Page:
Unless you or a loved one have personally experienced the pain of addiction, it's pretty easy to view America's opioid epidemic as someone else's problem.
But new research makes vividly clear that the epidemic could easily impact just about anyone. And we're using "impact" in the sense of the violent, terrifying jolt you feel when the car you are traveling in smashes into another.
An analysis in the journal JAMA Network Open "provides compelling evidence that use of prescription opioids by drivers is a significant contributing factor for fatal two-vehicle crashes," Dr. Guohua Li, a professor of epidemiology at Columbia University's Mailman School of Public Health, said in announcing the findings.
Li and co-author Stanford Chihuri found that, adjusting for demographic characteristics and driving history, using prescription opioids more than doubles the risk of initiating such a collision. What's more, this heightened danger was found regardless of the driver's blood alcohol level.
Using data from the National Highway Traffic Safety Administration, the researchers analyzed 36,642 drivers involved in fatal two-vehicle crashes between January 1st, 1993, and December 31st, 2016. All had undergone toxicological drug testing in the wake of the tragedy.
"Before the opioid epidemic began in the mid-1990s, prescription opioids were rarely implicated in fatal motor vehicle crashes," the researchers report. Over the 24-year period they studied, the percentage of drivers in fatal crashes with opioids in their blood increased enormously—from 2 percent to 7 percent among those whose actions initiated the crash, and from just under 1 percent to 4.6 percent for the driver of the other vehicle.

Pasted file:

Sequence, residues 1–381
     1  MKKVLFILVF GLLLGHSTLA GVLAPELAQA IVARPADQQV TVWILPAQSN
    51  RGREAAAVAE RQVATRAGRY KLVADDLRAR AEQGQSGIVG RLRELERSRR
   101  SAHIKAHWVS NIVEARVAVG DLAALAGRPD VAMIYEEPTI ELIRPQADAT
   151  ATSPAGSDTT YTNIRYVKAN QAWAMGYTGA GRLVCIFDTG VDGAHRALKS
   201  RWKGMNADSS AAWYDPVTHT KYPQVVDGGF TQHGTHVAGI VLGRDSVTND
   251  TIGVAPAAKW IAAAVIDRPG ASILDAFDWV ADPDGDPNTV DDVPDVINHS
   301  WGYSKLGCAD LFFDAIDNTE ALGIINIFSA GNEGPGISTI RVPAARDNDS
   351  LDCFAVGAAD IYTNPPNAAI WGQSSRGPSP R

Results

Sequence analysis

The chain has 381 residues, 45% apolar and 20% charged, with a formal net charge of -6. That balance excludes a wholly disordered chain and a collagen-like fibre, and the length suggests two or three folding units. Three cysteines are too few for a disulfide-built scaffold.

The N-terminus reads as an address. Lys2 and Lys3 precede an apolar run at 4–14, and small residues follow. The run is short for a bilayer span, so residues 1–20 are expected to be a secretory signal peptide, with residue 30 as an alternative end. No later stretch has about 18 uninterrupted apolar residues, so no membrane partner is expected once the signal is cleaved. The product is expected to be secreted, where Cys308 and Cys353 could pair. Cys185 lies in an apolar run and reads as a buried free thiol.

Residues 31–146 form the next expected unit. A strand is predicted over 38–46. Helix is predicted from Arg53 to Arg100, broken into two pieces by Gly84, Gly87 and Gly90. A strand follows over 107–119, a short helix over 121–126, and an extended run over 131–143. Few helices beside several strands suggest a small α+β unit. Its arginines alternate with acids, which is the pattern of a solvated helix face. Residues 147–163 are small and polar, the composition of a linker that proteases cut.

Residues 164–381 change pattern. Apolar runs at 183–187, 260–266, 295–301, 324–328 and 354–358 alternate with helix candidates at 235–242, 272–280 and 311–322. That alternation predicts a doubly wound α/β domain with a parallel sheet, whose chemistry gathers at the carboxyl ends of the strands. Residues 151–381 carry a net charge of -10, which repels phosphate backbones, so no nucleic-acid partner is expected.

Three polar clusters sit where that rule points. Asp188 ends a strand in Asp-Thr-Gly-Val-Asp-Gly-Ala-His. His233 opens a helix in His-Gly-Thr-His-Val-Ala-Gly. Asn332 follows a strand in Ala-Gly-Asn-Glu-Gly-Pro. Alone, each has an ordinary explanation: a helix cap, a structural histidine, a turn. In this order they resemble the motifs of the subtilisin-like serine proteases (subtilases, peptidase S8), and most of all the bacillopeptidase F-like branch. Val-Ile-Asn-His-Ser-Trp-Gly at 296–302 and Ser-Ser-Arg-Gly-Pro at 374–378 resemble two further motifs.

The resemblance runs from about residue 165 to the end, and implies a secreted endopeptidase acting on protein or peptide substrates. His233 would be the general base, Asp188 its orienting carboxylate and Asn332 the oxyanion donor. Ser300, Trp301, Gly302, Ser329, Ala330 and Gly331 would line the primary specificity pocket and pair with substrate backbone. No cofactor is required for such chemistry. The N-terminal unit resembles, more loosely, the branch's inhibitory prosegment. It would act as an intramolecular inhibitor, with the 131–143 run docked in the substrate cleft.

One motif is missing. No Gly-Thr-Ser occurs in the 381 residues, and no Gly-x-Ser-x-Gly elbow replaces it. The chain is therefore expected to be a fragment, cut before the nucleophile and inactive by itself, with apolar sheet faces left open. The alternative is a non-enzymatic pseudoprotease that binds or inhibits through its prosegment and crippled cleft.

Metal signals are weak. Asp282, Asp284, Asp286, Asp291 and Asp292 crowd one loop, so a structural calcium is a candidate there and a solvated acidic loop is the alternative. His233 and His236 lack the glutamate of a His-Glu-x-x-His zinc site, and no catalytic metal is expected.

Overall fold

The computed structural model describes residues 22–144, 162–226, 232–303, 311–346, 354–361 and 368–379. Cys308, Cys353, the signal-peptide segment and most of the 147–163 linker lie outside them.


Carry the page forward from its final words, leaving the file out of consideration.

The increased risk associated with opioid use is largely due to such drivers' "failure to keep in the proper lane," their analysis finds. Drifting over the line "accounted for more than half—54.7 percent—of driving errors leading to fatal two-vehicle crashes committed by drivers testing positive for prescription opioids." Among drivers who tested negative, it was the cause of only 40 percent of such accidents.
"Failure to keep in (one's) proper lane, such as crossing the center line, is a particularly dangerous error, and might be attributable to the adverse effects of prescription opioids on alertness," the researchers write.
The study reveals another of the many hidden costs of the opioid crisis.
"Driving under the influence of drugs, such as opioids, is prohibited in every state," the researchers note. But clearly, many users are unaware of this prohibition, or choose to ignore it.
Chihuri and Liu argue it is vital that physicians who prescribe these drugs emphasize the risk of using them while driving—and that patients realize alcohol is far from the only drug that can impair one's abilities behind the wheel.